Finish the Idea

” Del Monte Summer”
oil on stretched canvase, 16″ x 20″

Yesterday, I began a painting full of lots of stuff which needed to be knoodled before I could post the final version. So, today’s painting is knoodling yesterday’s . . . if that makes sense.

Of the things I was determined to practice in this piece was, of course, more edge management, keeping things fresh and suggested and, finally, use my palette knife in places . . . do some line drawing with it, define a few edges and create a teeensy bit of texture. Lastly, to focus on my brushwork . . .show some looseness and let the brush do the talking.

After watching Matt Smith, yesterday, and carefully observing what he did to load the knife, it was actally fairly easy. I gotta admit I would have stumbled around for years and never come up with a good clean stroke with it had I not seen how he did it. Nice!! It is pretty easy, however, to get carried away with it, so I practised on an old painting until I was sick of doing it and felt comfortable making the thing do its dance across the canvas.

The next thing was edges. I learned that edges aren’t necessarily **Blended** to appear blurry. That is what I thought a soft edge meant. Edges can be ragged . . .as in the edges of foliage. They can be extremely sharp as in a corner of a building where there isn’t a gradual slope into a darker value or edges can be transitions of value from dark, to medium to medium light to light as when a tree trunk rolls from the light into a darker, shadow side. So, internal edges matter, too . . . .from one color or value to another inside shape of a different color or value . . .and not necessarily blended from one to the other. See why I was having difficulty in really understanding what was happening? So, when you do understand, you are supposed to execute it . . . . .duh! 😉 That was another good thing to watch more than once and to get the real feel of doing it. It is going to take some more time, but I do feel much more comfortable with it than I did before.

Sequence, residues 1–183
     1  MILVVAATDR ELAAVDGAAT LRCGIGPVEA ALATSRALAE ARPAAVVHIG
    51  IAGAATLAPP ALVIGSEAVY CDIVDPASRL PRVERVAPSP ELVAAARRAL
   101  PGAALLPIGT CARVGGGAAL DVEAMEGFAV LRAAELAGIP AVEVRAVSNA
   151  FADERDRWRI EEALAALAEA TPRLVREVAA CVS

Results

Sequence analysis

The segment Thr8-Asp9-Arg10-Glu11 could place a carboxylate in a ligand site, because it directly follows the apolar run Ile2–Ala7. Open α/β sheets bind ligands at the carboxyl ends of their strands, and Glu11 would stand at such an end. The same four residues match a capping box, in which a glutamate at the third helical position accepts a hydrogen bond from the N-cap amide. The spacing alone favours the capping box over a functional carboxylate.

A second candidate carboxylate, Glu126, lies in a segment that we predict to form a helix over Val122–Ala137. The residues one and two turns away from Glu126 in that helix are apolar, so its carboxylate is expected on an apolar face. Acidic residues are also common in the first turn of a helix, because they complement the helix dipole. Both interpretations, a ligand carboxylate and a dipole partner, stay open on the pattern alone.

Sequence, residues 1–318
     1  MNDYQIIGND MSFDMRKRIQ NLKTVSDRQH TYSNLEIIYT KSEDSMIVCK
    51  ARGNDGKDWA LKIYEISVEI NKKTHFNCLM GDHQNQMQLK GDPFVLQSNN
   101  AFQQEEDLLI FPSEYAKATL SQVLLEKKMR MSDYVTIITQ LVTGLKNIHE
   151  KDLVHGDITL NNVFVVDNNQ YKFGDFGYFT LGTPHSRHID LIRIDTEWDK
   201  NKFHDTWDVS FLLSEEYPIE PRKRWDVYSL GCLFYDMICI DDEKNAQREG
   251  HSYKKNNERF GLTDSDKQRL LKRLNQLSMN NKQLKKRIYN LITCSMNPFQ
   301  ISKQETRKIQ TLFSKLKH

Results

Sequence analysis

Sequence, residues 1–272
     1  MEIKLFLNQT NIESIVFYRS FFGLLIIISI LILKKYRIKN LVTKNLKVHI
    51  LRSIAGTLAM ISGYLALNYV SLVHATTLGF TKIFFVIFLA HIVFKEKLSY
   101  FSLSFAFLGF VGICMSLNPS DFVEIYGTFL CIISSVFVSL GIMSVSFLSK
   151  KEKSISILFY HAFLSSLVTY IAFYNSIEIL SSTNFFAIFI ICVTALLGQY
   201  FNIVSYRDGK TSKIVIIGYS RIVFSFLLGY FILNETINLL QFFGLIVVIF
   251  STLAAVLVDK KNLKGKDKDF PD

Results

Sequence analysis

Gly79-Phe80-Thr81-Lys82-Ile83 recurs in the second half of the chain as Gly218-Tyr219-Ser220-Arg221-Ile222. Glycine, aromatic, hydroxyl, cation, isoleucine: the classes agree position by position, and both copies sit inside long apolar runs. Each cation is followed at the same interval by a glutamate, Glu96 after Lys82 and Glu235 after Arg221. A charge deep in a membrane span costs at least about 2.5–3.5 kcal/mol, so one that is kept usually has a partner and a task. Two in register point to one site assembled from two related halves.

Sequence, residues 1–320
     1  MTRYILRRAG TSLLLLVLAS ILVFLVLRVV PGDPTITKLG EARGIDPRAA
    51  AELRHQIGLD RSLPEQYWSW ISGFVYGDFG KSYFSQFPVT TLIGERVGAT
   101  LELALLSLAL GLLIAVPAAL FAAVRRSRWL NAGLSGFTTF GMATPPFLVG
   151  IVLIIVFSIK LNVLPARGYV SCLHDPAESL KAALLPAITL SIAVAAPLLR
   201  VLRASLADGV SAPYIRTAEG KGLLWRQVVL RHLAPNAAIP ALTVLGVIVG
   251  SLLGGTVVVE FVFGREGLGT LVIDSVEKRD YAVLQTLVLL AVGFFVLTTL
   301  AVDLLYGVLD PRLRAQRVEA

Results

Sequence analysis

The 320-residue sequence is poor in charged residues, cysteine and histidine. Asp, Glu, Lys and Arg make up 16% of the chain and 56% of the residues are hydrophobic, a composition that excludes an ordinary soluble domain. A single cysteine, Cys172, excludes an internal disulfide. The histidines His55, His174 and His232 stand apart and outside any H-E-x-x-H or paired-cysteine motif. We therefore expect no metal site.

The last thing was brushwork. I am almost giggling to myself as I write this! That feeling of a painting being so treasured that you don’t dare do anything to ‘spoil’ it has gone away. Today I felt free to ruin the canvas if necessary and to go for it. So, I did. I have more to learn in this respect, but I am sensing a new feeling coming over me and my trusty little hairy stick. More fun!!

15 thoughts on “Finish the Idea”

  1. Hey Mike,I see and hear real progress! OK, I’m going over to smartflix!

    I love the contrasts you achieved in this painting. The darks and lights have punch and the color is unified. I notice some nice caligraphic line work suggesting detail. Great painting!

  2. Thx Robin! I have much more work to do. As I grow, I can seen the next steps needed. So, I am already planning how to overcome the next challenge.

  3. Mike:

    I love your work and am also a fan of Matt Smith. I was just watching his video and was wondering what brand of blues, yellows and oranges does he use??? I would appreciate any input on this. Thanks.

    Ruth Ann
    Bethesda, Md.

  4. Mike:

    I love your work and am also a fan of Matt Smith. I was just watching his video and was wondering what brand of blues, yellows and oranges does he use??? I would appreciate any input on this. Thanks.

    Ruth Ann
    Bethesda, Md.

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